Scarcity of water is a more significant brake on runaway growth. A semi-arid region, SLO County does not have access to the Central Valley Project, the State Water Project, or any of the other major aqueducts. With water from existing reservoirs fully allocated, and groundwater being depleted in rural areas at an alarming rate, the county and its seven incorporated cities (Arroyo Grande, Atascadero, Grover Beach, Morro Bay, Paso Robles, Pismo Beach, and San Luis Obispo) have to be judicious about what projects they approve. Communities like Cambria have years-long waiting lists for water hook-ups. Others, like the unincorporated coastal community of Los Osos, have had building moratoriums in effect since the 1980s.

 

cambriaOK
Cambria, CA. Photo by Kate Charlotte Hodges.

 

The politics of sprawl
Though water shortages have helped restrain uncontrolled exurban growth in coastal San Luis Obispo County, the local political landscape is a wild card, particularly inland. As a traditionally rural county with a proud ranching legacy, private property rights are sacrosanct. In the inland communities of Paso Robles and Atascadero, which are entirely represented by pro-growth Republican lawmakers, very little stands in the way of a developer who wants to build houses. Between 1980 and 2010, the population of Paso Robles exploded from 9,200 to almost 30,000. During the housing boom of 2000-2006 the city saw on average the completion of 425 housing units each year[1]—an astonishing and environmentally indefensible rate of growth for an area with perennial water shortages.

 

Atascadero has not been as eager to accommodate the developer’s every whim, but usually gives in eventually. Not that long ago it was a tiny, unincorporated crossroads at the intersection of U.S. Highway 101 and State Highway 41. Now it is a sprawling semi-rural exurb of almost 30,000 people. At 26 square miles, it is by far the largest community in the county in area. More low-density in character than Paso Robles, it sprawls as far north as Templeton, a small town between it and Paso Robles that has experienced its own building boom in recent years.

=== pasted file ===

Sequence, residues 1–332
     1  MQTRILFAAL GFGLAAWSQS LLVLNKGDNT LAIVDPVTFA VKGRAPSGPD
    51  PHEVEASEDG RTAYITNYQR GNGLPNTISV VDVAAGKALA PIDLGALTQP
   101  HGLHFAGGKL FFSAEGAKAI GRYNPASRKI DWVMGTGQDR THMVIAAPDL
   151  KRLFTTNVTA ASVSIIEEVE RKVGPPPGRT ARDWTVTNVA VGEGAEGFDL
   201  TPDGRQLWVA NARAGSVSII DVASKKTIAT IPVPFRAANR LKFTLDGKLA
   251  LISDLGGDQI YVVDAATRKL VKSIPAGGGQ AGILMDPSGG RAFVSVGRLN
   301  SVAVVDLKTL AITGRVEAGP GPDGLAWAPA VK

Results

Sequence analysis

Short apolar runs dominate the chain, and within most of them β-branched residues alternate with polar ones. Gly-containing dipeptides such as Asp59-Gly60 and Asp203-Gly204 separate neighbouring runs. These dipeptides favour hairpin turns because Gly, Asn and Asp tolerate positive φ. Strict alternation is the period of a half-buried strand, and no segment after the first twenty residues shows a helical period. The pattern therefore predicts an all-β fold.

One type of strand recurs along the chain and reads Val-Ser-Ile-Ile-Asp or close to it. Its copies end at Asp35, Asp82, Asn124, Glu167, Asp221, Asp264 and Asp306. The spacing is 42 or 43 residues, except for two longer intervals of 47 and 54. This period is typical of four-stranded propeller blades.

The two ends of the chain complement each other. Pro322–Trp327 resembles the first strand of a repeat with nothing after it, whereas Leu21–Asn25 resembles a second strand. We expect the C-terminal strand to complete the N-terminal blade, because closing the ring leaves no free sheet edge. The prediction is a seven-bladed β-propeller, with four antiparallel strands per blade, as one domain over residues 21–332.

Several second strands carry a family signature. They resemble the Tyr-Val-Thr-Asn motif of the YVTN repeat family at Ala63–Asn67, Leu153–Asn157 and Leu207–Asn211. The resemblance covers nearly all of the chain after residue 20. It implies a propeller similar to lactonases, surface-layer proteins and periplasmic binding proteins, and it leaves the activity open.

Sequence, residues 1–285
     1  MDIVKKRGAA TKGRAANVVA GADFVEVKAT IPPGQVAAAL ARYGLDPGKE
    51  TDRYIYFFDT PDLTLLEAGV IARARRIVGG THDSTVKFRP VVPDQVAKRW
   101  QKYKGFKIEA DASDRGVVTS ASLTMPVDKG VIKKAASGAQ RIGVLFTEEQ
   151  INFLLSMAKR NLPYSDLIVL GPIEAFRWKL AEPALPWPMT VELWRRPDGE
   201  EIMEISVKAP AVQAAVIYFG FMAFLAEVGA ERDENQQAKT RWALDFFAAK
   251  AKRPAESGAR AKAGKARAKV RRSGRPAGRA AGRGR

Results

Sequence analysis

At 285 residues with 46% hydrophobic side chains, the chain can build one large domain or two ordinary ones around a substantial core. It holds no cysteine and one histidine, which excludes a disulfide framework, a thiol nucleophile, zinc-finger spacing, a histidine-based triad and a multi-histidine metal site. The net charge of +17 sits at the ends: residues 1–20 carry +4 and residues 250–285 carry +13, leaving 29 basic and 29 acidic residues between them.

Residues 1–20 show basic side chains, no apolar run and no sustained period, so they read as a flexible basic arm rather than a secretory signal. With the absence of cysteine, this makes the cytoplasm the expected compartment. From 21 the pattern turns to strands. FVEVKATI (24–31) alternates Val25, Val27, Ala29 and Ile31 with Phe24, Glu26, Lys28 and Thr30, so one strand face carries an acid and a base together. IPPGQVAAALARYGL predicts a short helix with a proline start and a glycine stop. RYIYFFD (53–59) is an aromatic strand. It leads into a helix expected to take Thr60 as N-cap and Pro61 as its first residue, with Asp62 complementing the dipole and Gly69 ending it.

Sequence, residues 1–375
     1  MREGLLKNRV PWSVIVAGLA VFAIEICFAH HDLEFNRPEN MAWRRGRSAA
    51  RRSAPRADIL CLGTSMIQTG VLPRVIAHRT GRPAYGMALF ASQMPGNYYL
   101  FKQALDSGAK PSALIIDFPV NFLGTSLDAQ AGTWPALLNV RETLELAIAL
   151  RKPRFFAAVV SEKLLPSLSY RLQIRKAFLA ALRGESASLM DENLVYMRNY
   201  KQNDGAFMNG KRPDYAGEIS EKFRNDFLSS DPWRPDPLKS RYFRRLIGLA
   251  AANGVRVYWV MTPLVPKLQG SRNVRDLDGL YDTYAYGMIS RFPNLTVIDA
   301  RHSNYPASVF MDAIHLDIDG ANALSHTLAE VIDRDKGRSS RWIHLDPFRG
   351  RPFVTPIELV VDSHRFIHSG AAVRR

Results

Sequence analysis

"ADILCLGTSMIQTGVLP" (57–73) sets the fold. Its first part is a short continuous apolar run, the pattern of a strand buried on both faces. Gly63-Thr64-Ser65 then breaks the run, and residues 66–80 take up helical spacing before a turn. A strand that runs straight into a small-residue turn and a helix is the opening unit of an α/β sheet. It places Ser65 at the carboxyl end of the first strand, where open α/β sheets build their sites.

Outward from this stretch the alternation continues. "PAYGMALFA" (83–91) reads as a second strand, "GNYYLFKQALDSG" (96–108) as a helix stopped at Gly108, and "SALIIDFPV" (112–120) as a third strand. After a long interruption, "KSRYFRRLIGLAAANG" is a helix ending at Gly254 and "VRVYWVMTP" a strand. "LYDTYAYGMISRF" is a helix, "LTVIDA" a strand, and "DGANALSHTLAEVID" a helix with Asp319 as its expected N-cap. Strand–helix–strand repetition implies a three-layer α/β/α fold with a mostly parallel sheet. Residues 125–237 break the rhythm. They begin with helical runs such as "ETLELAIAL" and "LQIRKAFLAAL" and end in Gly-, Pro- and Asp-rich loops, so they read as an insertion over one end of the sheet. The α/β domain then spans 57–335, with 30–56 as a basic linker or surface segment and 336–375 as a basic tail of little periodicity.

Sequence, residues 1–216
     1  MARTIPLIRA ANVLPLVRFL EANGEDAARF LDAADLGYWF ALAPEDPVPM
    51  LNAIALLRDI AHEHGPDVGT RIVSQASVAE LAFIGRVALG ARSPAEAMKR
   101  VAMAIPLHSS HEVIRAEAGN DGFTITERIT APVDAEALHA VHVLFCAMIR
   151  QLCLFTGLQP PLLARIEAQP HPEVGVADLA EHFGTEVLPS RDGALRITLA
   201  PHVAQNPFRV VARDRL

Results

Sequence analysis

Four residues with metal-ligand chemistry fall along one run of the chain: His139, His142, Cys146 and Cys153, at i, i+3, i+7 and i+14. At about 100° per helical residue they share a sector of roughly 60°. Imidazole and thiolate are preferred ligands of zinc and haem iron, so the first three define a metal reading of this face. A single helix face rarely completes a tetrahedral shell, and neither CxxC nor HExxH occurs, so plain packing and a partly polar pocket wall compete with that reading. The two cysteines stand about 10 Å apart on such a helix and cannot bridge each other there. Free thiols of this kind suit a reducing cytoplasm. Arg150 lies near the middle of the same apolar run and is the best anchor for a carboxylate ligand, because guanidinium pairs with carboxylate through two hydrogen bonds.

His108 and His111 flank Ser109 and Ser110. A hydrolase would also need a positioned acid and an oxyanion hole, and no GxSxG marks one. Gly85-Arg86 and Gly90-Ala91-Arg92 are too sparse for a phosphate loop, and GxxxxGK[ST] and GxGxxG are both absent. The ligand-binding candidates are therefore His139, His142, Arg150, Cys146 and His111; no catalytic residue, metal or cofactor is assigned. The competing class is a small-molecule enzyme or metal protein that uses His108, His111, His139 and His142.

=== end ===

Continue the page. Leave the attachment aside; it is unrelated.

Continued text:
Atascadero is gradually creeping southward too, spreading tendril-like along Highway 101 toward San Luis Obispo. Eagle Ranch, a 3,500-acre working cattle ranch draped over beautiful oak-studded hills, is next up, earmarked for some 600 homes, a 100-room “resort hotel,” a golf course, and 15 acres of commercial space. Though the developer claims that 2,510 acres would be preserved as permanent open space, the site plan indicates that private yards and the golf course are included in this calculation[2]. If it is built, which appears likely once the area is annexed by Atascadero, wildlife habitat would be hopelessly fragmented and another piece of Central Coast ranching heritage would bite the dust to make way for hyper-irrigated green lawns and trophy homes.

 

Figure 3_607
Proposed site plan for Eagle Ranch, Atascadero

 

At the other end of the county, near Pismo Beach, a “Tuscan rural hillside village” inexplicably named “Spanish Springs” is taking shape in Price Canyon, a rural enclave of cattle pasture, oaks, and vineyards along a rural byway linking San Luis Obispo with the Five Cities area. It comprises 416 detached homes, 193 multi-family housing units, a 150-room luxury hotel, and the inevitable golf course[3]. If it happens, Pismo Beach will annex Price Canyon, currently zoned for agricultural and other rural land uses, doubling the city’s land area. Bereft of adequate groundwater, Spanish Springs would tap into public water from the Lopez Lake reservoir in nearby Arroyo Grande. It would also rely on unspecified “future” water allocations from the California Water Project, which is nowhere close to being extended into SLO County. Pismo Beach is on track to approve the project, but the Sierra Club recently filed a lawsuit to stop it, citing the obvious water shortfalls, as well as the project’s likelihood to spur further sprawl.

 

Figure 4_607
Price Canyon, Pismo Beach